That was the message from Susan Cramm, former CIO of Taco Bell and the keynote speaker at last week's CIO Decisions Conference.
"The issue has to do with the fact that the IT job is too big," Cramm said. "The current model doesn't work."
Her proposed solution: A distributed IT model. A world where IT is about policy and management. A world where business units are responsible for their own systems and CIOs become overseers, not glorified fix-it guys.
She likened project management to a crowded highway where CIOs are left trying to drive every last car to its destination.
"We feel like we've had no choice but to do it all," she said. "If we continue to drive all the cars, we're never going to get to ITopia."
Cramm argued that CIOs should give up some control to business unit managers. By writing policies, watching over procedures and holding business units accountable, they can lessen the IT workload and enable "self-sufficiency" for IT to take on more productive endeavors.
Of course, that means an entire restructuring of how to run not only IT, but other business units as well. It requires a pitch to the bosses, one that Cramm suggested word for word.
"We need to have the courage to ask the question 'Why has IT sucked for 30 years?'" Cramm said. "It's amazingly provocative to ask a question that nobody expects you to ask. We do not have to defend the current operating model. We hate it too.
"We hate the fact that the majority of our resources are focused on the day to day," she added.
Cramm said CIOs can pull off such a striking rededication of IT by working to gain both knowledgeable partners inside the business and the authority to set policy and make sure it is followed.
Those thoughts echoed throughout the conference -- attended exclusively by midmarket CIOs and IT leaders -- as time and time again presenters and attendees discussed the importance of building relationships inside their businesses. IT, it was made clear, cannot be an island, especially in a company with only a few hundred employees.
Rick Lauer, vice president and CIO of the Lutheran Church Extension Fund (LCEF), said he has found relationship building invaluable at his 130-employee company.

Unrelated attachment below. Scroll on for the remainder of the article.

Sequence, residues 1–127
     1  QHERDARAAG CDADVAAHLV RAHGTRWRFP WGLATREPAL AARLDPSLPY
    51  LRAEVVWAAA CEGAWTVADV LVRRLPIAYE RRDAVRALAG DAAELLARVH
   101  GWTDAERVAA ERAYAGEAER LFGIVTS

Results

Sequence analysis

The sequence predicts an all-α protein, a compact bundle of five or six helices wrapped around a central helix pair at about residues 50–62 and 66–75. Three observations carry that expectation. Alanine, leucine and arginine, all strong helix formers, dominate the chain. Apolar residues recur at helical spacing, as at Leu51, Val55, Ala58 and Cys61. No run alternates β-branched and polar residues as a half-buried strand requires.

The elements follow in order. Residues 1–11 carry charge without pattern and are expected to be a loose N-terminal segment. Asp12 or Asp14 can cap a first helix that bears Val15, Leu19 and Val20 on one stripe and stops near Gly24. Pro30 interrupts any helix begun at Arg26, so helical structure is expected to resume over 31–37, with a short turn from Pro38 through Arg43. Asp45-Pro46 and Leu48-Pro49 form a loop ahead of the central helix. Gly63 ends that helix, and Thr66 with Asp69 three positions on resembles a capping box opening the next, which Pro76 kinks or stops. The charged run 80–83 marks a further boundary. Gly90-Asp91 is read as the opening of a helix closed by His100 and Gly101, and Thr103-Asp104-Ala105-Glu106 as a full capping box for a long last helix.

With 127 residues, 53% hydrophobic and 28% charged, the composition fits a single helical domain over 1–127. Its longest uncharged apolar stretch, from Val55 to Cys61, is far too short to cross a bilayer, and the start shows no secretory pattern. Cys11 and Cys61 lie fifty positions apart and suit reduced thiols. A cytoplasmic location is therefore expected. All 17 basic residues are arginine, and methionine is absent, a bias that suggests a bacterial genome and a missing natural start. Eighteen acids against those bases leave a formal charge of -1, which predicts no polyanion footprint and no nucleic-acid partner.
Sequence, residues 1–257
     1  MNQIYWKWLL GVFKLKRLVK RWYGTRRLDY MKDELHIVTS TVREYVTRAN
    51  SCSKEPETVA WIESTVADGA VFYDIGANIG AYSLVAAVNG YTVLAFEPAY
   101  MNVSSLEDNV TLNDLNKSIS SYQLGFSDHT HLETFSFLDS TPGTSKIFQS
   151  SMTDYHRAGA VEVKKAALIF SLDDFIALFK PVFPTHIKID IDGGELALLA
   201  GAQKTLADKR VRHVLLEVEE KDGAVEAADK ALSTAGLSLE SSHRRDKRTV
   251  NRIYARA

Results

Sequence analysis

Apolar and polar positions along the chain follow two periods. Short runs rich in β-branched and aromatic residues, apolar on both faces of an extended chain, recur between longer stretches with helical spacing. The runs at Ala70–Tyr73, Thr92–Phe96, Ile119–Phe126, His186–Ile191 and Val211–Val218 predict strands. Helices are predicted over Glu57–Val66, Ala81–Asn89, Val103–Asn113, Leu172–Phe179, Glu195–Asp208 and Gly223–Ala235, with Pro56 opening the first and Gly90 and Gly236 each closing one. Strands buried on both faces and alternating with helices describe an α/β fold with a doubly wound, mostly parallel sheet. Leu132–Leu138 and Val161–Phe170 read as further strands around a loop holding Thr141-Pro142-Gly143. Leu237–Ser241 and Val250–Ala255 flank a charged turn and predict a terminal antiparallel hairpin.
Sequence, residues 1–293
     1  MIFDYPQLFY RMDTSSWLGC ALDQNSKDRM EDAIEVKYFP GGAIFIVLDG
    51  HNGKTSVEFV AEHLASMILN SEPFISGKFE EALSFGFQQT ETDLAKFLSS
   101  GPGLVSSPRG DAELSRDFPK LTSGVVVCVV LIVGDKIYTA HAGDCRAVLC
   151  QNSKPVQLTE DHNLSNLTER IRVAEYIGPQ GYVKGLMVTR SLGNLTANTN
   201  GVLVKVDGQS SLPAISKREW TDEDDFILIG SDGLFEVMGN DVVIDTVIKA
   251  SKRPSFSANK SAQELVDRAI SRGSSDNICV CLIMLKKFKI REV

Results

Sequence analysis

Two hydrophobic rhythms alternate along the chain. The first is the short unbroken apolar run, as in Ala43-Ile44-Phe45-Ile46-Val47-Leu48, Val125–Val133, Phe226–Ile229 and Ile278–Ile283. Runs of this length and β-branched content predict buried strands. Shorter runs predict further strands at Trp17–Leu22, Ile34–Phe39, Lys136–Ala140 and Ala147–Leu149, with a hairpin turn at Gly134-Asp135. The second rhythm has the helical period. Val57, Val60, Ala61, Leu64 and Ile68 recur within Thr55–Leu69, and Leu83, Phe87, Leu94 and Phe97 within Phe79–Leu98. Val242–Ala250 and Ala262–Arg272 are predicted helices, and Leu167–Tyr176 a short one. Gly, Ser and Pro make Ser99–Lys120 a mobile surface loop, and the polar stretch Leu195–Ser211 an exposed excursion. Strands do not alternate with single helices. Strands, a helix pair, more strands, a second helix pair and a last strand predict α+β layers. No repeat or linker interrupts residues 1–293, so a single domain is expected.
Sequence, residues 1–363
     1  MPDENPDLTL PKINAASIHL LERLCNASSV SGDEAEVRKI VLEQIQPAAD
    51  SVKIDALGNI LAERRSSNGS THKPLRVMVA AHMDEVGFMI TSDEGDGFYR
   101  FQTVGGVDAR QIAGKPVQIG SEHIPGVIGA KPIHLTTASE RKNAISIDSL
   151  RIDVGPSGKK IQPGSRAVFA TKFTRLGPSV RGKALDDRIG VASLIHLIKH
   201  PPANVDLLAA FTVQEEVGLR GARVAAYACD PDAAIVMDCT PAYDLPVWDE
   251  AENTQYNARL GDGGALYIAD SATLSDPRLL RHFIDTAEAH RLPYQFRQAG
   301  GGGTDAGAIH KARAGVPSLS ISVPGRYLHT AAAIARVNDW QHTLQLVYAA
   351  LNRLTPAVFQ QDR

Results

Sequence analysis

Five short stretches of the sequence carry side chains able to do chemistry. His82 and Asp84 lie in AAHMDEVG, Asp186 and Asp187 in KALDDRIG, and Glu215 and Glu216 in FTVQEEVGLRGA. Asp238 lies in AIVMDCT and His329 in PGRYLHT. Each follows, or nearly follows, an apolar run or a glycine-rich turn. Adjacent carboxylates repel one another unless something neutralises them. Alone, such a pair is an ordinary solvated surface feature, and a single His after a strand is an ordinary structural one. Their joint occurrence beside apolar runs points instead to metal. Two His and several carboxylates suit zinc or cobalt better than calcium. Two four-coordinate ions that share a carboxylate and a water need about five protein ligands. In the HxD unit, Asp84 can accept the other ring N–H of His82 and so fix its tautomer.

"We're doing a lot of process improvement, so that's helped us get in good with the business folks," said Lauer, who is based in St. Louis. "We've found a lot of value in finding one person in each department who understands IT."
Lauer said he has set up a technology committee at LCEF to act as liaisons between IT and the business units. The upshot, which he recognized in Cramm's argument, is that his staff can focus more on projects that contribute to the business.We need to have the courage to ask 'Why has IT sucked for
"I think it's really trying to get IT staff to be sure we're adding value, or we're going to become obsolete with things like Software as a Service coming down the pike," Lauer said.
Cramm said that sort of strategy -- redistributing the grunt work and focusing on projects that can actually transform the business as a whole -- can mean only good things for the perception of CIOs and IT departments. By involving other departments, IT takes on a "responsive" role rather than assuming a reactive pose to put out a never-ending string of fires.
She pointed to Microsoft Excel and business intelligence applications as two examples where industry innovations have resulted in both less work for IT and more productive work for the rest of the business. She said looking for these types of solutions can help upend and rebuild the work CIOs do, ultimately clearing the lanes for progress.
"In the future," she said, "IT's job is no longer to do all of IT, but to make sure IT is done well."
Let us know what you think about the story; email: Zach Church, News Writer